Please pay attention...I said "civilians who REGULARLY train with their weapons." And, don't fool your self. There are many civilian training facilities available that are quite elaborate and many offer advanced courses utilizing high stressors and "condition red" training. Also, are you familiar with how little "training" is involved with most of law enforcement during their career? I mean, if they haven't experienced an "accidental" discharge or aren't affiliated with any special weapons and tactics team, the actual "requalifying" is insignificant and is simply a test of their status quo. No stress added either, except the self-induced kind...

I'm a better-than-average shot with my carry pistols, but that's at a target, in a controlled environment, without any innocent bystanders or adrenaline coursing through my body. Obviously, real-life situations would hold something different entirely for me physiologically, and that's where military/leo training prepares them where the average civilian is not.

Again, only the elite members of law enforcement are subjected to such rigors... The minority of them, by far!




I propose that those men and women who populate our military and law enforcement, are identical to those men and women who constitute the civilian populace. They have the same dreams. They persue the same goals. They abide by the same laws. Why does the average gun-grabber trust those folks over their neighbor or a stranger who lives in another town? It can't be the training! I can post statistics until my fingers bleed, that prove that they are not trained any better in firearms and weapons defense than the average civilian shooter.


I'd be interested in seeing the statistics, because logic tells me otherwise...and remember, you're saying "the average civilian shooter." And it should be in a real-world situation, not just target-practice accuracy. Don't get me wrong, I don't disagree that civilians are capable of being just as good--like you said, it does all come from within--but without access to the same caliber and frequencey and necessity of the training, you're not going to have the same quality of real-world-scenario shooter (on average).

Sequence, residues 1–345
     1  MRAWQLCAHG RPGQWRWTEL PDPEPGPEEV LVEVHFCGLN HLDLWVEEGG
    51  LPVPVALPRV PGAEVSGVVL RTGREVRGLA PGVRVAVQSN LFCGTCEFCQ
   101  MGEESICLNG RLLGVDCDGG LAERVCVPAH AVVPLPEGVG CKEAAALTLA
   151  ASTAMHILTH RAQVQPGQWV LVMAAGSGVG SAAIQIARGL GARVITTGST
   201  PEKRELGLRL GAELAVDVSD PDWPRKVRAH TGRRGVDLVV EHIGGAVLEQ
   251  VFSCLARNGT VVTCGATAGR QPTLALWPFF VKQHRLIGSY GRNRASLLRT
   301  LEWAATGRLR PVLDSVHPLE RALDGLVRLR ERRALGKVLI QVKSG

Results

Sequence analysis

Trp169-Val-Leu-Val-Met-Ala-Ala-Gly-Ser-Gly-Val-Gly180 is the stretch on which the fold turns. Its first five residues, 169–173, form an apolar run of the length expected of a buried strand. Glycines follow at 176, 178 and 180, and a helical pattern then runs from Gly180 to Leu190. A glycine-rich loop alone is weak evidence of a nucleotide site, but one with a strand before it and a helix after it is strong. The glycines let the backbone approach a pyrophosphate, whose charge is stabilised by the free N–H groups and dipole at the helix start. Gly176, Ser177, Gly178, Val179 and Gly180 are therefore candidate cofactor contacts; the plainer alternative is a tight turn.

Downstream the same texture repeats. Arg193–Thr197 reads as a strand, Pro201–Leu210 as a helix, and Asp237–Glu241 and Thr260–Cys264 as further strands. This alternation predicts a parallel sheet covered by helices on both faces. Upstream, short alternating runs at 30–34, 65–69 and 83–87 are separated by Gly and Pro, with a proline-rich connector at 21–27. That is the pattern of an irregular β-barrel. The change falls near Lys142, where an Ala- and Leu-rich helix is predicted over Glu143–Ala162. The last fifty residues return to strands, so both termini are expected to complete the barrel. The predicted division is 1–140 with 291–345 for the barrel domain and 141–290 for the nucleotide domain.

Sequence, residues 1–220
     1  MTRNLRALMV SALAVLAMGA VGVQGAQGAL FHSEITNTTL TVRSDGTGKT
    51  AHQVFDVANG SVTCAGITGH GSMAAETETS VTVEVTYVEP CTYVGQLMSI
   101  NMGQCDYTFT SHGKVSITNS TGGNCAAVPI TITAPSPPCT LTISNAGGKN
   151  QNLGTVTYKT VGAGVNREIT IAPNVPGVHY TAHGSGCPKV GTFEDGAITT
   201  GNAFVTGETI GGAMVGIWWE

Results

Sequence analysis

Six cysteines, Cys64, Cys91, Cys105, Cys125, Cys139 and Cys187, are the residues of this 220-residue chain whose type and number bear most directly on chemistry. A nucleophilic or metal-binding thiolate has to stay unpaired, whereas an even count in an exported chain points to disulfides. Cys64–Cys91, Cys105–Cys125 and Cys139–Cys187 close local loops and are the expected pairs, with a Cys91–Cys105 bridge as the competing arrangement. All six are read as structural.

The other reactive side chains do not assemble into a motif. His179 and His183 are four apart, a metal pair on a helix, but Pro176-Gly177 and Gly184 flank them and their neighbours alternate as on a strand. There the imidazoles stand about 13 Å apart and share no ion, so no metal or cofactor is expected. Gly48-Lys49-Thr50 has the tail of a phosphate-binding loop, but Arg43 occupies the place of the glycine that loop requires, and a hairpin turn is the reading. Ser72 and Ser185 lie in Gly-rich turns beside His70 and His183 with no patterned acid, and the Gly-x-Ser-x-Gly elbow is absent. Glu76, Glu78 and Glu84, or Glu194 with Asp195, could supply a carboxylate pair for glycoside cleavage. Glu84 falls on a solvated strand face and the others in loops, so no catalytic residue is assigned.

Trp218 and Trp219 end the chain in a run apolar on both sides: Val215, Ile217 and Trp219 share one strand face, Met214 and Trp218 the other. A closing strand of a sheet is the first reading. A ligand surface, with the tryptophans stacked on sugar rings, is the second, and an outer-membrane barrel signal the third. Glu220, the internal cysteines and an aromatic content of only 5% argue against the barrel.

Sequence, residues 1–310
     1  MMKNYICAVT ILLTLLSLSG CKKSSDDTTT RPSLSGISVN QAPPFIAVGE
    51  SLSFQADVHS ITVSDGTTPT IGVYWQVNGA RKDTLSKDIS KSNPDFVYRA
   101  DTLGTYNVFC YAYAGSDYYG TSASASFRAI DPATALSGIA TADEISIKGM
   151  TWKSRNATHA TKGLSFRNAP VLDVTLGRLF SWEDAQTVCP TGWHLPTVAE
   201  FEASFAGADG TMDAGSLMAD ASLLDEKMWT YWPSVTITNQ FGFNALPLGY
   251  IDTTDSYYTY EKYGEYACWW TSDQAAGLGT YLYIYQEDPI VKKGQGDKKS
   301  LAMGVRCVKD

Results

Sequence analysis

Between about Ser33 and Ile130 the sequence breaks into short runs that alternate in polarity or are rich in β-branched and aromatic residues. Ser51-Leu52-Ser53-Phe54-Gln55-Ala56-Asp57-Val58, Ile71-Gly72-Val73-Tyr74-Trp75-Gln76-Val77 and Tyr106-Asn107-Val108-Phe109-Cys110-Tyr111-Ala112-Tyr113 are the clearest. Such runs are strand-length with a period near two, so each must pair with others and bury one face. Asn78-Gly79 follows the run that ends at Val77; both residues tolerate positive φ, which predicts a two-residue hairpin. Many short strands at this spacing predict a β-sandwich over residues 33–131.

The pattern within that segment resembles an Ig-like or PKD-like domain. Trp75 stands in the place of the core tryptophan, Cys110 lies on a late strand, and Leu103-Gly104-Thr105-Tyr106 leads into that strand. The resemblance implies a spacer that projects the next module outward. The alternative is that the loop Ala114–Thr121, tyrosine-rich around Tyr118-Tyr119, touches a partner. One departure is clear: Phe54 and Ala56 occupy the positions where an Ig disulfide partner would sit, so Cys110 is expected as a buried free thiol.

Again, as I stated, I'm comparing them to the "average civilian SHOOTER". Not average gun owner, but one who shoots and trains and shoots some more.

You really took my statements out of context or just ignored the operative (no pun intended) word, all together.
I happen to have a great deal of respect for ALL who have served; past present and future! And even though, we believe we have the greatest military on earth, they do not have a monopoly on quality training. In fact, many of those I have learned from, came straight out of service, their knowledge not being withheld or rendered exclusive...

edit on 6/25/2014 by GoOfYFoOt because: added colored text...

edit on 6/25/2014 by GoOfYFoOt because: text



posted on Jun, 25 2014 @ 10:46 AM
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originally posted by: GoOfYFoOt


This is actually not an accurate statement. Civilians DO have access to the same weapons, for the most part, it just takes a lot longer to get licensed to be able to purchase some of them (legally, of course). But, having been in the military, the AR-15 (at the time I was in) on which we trained were pretty much a standard semi-auto 5.56 AR, but had the capability of "burst" (firing three rounds per pull of the trigger). THAT is what most are trained on, or a similar weapon these days. Civilians can purchase these, sans the "burst" setting, at any gun shop.